Anna Karina.
Anna Karina.
“Quirky Jean-Luc Godard film is sort of a mix of Breathless (where Jean-Paul Belmondo performs crimes in the nonchalant manner he saw in gangsters in old “B” movies) and Les Enfants Terribles(where the two males and one female commit pretty crimes for fun). Pals Sami Frey and Claude Brassuer play-act crime movies (they also burst into song and imitate movie production numbers), much as little kids imitate heroes from war or western movies. Their mutual girlfriend, Anna Karina, wants to fit in, so she offers a real crime to them: they can steal her aunt’s money. So the three bumbling (they have to go back a second time) amateurs go to aunt’s house to commit the crime. Frey and Brasseur can’t distinguish between fiction and real life. When they put on the movie criminal guises, they think of themselves romantically, as do Sissy Spacek and Martin Sheen in Badlands when they commit equally unromantic crimes; but, as is the case with Spacek and Sheen, their guns shoot real bullets and people get hurt. Like many Godard actors, Frey, Brasseur, and Karina improvise their lines during the heist, but what’s really interesting is that they must play their parts as if their characters are also improvising their lines in order to sound like movie gangsters. The characters themselves switch back and forth between their movie-gangster personae and their real selves–the men (Godard’s obviously thinking of Cagney and Bogart) will impulsively slap around Karina when she protests they are mistreating her aunt, yet without missing a beat Frey will become affectionate and ask if she loves him. The overlapping of reel life and ‘real life’ (as depicted in Godard’s movie) is disorienting because we have a hard time figuring out the logic of the characters’ actions, but it’s also exciting original. The amusing ending is bizarre by other films’ standards, but here it’s perfect. Cinematography by Raoul Coutard intentionally swings from intimacy to detachment. Music by Michel Legrand fits the characters’ romantic notion of themselves–he’s nice enough to give their worst efforts music befitting the professional criminals of the movies. Based onFool’s Gold by American novelist Dolores Hitchens. Also with: Louisa Colpeyn, Danièle Girard, Godard (narrator).” So regarding whether Godard had has actors improvise or not, I did get it wrong thirty years ago–at least according to Karina.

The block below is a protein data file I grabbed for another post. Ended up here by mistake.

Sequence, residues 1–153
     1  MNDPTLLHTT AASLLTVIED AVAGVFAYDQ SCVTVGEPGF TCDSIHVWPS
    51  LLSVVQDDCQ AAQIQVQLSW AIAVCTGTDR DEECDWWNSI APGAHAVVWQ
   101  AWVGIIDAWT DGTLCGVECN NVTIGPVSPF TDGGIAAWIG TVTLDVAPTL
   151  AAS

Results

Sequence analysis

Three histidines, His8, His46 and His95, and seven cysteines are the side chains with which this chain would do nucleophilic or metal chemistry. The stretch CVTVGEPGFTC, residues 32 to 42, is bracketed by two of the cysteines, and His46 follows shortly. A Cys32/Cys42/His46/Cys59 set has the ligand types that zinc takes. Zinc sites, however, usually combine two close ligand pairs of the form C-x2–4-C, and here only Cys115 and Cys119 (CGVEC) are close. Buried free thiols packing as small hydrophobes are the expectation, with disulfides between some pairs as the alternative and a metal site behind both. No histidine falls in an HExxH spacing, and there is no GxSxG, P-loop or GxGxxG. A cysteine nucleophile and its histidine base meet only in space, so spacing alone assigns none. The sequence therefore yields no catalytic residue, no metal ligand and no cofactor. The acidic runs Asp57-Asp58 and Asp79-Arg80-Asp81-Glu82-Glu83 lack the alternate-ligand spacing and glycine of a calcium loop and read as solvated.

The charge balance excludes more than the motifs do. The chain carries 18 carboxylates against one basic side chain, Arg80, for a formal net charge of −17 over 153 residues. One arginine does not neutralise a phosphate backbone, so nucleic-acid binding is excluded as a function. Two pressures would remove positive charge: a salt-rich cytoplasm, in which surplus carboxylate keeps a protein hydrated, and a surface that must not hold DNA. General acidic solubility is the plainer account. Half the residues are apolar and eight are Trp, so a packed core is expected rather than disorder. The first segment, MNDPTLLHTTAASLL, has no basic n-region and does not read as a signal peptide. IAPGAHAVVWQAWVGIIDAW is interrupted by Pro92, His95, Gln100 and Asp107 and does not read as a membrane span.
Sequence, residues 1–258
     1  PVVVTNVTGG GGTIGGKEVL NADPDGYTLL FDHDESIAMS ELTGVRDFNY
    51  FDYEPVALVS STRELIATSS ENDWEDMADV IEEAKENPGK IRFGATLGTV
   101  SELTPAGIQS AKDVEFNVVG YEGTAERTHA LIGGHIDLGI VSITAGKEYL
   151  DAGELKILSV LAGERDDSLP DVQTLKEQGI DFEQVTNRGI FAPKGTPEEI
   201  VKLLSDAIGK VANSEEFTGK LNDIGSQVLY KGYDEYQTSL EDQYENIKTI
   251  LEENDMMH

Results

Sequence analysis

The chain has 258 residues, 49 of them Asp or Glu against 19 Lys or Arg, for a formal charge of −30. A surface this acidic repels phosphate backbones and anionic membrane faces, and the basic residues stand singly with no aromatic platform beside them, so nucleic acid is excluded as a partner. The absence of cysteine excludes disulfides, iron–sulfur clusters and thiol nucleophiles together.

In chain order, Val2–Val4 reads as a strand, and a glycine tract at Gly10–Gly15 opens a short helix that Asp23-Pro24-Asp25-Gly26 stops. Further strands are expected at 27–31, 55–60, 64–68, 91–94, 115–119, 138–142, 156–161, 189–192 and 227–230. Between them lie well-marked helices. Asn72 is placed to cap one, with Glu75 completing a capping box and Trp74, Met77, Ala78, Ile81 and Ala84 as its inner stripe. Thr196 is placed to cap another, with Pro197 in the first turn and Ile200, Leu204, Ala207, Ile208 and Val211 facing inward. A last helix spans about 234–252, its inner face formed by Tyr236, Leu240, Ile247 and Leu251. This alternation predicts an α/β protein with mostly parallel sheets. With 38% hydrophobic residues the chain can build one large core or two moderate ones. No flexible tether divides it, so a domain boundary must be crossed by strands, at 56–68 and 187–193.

I didn’t write specifically about Anna Karina in my entry on Band of Outsiders. but I praised her work with Godard five years later in Cult Movie Stars: “Lovely Danish brunette, a former model, married to French director Jean-Luc Godard in the sixties and the star of some of his most fascinating, influential, and accessible films. Godard often framed her and photographed her as if she were a model. One can tell by the movements of her body, eyes, head, and hair that she understood how the camera can bring out a subject’s beauty and at the same time veil her mystery. One recalls Karina’s characters being cheery when doing a ‘mating dance’ with an attractive young male in Vivra Sa Vie, my favorite Karina film, and an impromptu song and dance with her two male comrades in Bande à Part. But for the most part her enigmatic women are detached, remote, and sad, unable to make romantic connections, illustrating themes in Godard’s films. They are smart women, but either have no idea how to give and receive true love or are just reluctant to try it. In Vivra Sa Vie and the futuristic Alphaville, she plays prostitutes whose mechanical sexual activity pushes them further and further away from true feelings. Men try to reach their hearts: Jean-Paul Belmondo gives up in Pierrot le Fou, but in Alphaville, tough guy Eddie Constantine (ironically) teaches her sensual female about ‘love.’ In Godard’s scheme of things, Karina’s characters were so anesthetized that it’s hard to judge her talent, but in Bande à Part she managed to improvise while portraying a play-acting woman who is improvising herself–no easy chore. Karina was a sexy, mysterious presence in Alphaville and, as a trenchcoat-wearing woman looking for her lover’s murderer, in the perplexing Made in the U.S.A And she was a captivating presence in Vivra Sa Vie, in which her ill-fated prostitute is shot down in the street, and in Pierrot le Fou, running off with Belmondo and being as untrustworthy to his character as Jean Seberg was in Godard’s Breathless [which had a part Karina rejected because it required nudity]. In fact, this film hints at what would have happened to Belmondo and Seberg if they had stayed together.” Yes, I wrote about Karina’s improvisational skills again, but at least my admiration for her as an all-around movie star comes through clearly. I was glad to be able to tell her in person how significant both she and the movies she made with Godard were in my formative years as a true-blue cinephile. She blew me a kiss as I waved goodbye.